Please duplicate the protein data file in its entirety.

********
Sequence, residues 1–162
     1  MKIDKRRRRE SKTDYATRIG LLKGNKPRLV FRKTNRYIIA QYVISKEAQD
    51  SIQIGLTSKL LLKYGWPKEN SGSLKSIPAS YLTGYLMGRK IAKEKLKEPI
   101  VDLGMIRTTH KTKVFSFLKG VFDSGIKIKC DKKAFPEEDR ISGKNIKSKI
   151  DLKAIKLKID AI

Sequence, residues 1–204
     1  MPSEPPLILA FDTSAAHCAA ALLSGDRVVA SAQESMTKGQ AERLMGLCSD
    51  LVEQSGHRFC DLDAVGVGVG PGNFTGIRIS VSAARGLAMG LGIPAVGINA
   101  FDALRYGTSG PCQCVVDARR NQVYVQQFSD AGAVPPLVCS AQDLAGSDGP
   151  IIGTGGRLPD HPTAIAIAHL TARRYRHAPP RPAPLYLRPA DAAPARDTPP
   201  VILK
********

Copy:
Sequence, residues 1–162
     1  MKIDKRRRRE SKTDYATRIG LLKGNKPRLV FRKTNRYIIA QYVISKEAQD
    51  SIQIGLTSKL LLKYGWPKEN SGSLKSIPAS YLTGYLMGRK IAKEKLKEPI
   101  VDLGMIRTTH KTKVFSFLKG VFDSGIKIKC DKKAFPEEDR ISGKNIKSKI
   151  DLKAIKLKID AI

Sequence, residues 1–204
     1  MPSEPPLILA FDTSAAHCAA ALLSGDRVVA SAQESMTKGQ AERLMGLCSD
    51  LVEQSGHRFC DLDAVGVGVG PGNFTGIRIS VSAARGLAMG LGIPAVGINA
   101  FDALRYGTSG PCQCVVDARR NQVYVQQFSD AGAVPPLVCS AQDLAGSDGP
   151  IIGTGGRLPD HPTAIAIAHL TARRYRHAPP RPAPLYLRPA DAAPARDTPP
   201  VILK